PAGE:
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Prime Minister Stephen Harper speaks at the opening of the World French Language Forum Monday, July 2, 2012 in Quebec City.

Jacques Boissinot/The Canadian Press

Stephen Harper put his sprawling Conservative caucus on notice that he'll reward performers and punish stragglers in 2013 when he conducts a significant mid-term shuffle of cabinet ministers.

"We'll take a look at how everybody's performing and make some major changes at that point," the Prime Minister said Thursday in an interview on a Calgary radio show.

It's perhaps the clearest direction any prime minister has given in recent memory on the schedule for advancement in his ministry, and it came one day after Mr. Harper surprised Ottawa-watchers with an almost stand-pat shuffle that moved just two ministers after the departure of Bev Oda.

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The Conservative leader appeared to be reacting to public criticism of the lack of ambition in Wednesday's cabinet reassignments.

His comments offer reassurance to caucus stars outside cabinet that he still intends to recognize their contribution. MPs have to believe there's a clear path for advancement or it saps morale – especially dangerous in a big caucus of more than 160.

The deadline ensures that shuffle speculation dies down for the short term.

"I think between now and then let's keep everybody focused on the job we got elected to do and the tasks I gave them to do last year," Mr. Harper told talk-show host Dave Rutherford.

At the same time, the Prime Minister was signalling to any ministers who are thinking of retiring before the next election that they might want to firm up their plans and inform him so he can keep that in mind when building his 2013 cabinet.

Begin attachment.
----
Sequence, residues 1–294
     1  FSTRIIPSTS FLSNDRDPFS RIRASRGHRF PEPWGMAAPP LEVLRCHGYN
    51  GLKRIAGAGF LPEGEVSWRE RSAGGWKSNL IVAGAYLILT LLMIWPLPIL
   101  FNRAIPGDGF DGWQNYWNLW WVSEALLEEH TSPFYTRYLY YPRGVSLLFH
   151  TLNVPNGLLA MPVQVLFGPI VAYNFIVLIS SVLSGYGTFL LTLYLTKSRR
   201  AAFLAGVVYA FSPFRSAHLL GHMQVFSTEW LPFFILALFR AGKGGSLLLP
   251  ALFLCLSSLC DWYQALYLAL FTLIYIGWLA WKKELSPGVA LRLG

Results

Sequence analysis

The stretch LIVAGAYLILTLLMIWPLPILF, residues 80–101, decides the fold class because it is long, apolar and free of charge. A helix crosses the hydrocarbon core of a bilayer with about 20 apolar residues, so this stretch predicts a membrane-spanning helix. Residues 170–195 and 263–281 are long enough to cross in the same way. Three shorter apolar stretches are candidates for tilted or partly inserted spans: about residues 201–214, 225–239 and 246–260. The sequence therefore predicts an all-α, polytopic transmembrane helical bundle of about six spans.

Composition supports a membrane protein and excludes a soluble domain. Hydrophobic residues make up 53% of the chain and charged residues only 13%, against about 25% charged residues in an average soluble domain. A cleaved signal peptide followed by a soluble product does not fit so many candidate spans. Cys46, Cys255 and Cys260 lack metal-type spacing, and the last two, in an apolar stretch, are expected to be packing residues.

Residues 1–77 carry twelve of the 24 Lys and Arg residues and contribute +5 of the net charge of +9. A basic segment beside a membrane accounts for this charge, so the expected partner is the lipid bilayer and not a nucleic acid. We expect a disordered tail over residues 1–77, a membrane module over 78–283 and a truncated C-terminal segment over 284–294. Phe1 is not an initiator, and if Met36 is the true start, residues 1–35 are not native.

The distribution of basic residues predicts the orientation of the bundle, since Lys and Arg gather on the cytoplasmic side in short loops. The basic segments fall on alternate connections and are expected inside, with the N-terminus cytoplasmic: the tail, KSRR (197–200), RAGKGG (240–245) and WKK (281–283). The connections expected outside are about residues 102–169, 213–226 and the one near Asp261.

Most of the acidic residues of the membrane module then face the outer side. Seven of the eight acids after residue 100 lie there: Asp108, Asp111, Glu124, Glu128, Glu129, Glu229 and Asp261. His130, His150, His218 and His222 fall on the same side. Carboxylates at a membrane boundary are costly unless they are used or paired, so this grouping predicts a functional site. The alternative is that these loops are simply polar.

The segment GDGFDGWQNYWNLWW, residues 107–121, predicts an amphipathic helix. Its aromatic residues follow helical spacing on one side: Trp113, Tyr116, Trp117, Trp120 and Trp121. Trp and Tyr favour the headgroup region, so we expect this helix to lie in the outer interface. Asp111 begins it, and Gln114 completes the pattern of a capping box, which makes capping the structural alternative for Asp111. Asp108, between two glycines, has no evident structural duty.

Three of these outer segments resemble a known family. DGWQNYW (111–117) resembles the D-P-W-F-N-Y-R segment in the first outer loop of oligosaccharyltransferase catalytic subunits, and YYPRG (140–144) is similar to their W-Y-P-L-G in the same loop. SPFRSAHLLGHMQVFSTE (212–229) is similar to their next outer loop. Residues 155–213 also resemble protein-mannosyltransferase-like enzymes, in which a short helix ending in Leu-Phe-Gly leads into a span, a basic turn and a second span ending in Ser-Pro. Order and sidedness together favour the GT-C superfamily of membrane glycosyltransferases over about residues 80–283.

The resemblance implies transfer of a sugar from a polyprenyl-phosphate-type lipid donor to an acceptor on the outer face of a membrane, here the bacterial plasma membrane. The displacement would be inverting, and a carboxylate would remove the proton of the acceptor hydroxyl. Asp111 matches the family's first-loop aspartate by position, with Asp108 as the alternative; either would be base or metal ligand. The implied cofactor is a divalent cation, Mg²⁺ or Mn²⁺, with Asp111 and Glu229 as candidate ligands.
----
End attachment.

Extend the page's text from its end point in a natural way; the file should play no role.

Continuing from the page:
Mr. Harper said he's likely to start afresh a year from now, proroguing Parliament to usher in a new Throne Speech outlining what will clearly be a new pre-election agenda.

In the meantime, the Tories need to implement their current to-do list that includes a free-trade deal with the European Union, significant cuts to the civil service, streamlining reviews for big industrial projects, overhauling immigration and buying new military equipment.

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The Prime Minister acknowledged he'd mulled proroguing – or ending the current session of Parliament – but concluded it was too early.

"To be honest, I thought about doing that, but some time ago I made a decision that I probably wouldn't do it," he said. "I didn't see any reason to do it right now. We've still got a number of pieces of legislation we do want to pass, and I think what I'm more likely to do is probably in mid-term we'll …have a new session."

Mr. Harper's Conservatives won office in May 2011 and the next federal election is expected in 2015.

Separately, the Prime Minister delivered a cautionary message on the economic front, renewing his warning to Canadians not to borrow too heavily in this period of "extraordinary low" interest rates.

He cast plans for more foreign competition in the wireless sector, more economically focused immigration, less environmental assessments of big projects and longer waits to begin collecting old age security cheques as efforts to leave Canada more prosperous.

"Rather than being one of these old economic powers that's in trouble, we want to make sure that we join the club of emerging economic powers, and that our children and grandchildren are going to have the same kinds of opportunities, and better, than we've had," he said.

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On Wednesday, former Ontario top cop Julian Fantino was sworn in as the new minister responsible for CIDA, replacing the departing Ms. Oda. Bernard Valcourt, already minister of state for the Atlantic Canada Opportunities Agency, assumed Mr. Fantino's job as associate minister of National Defence.

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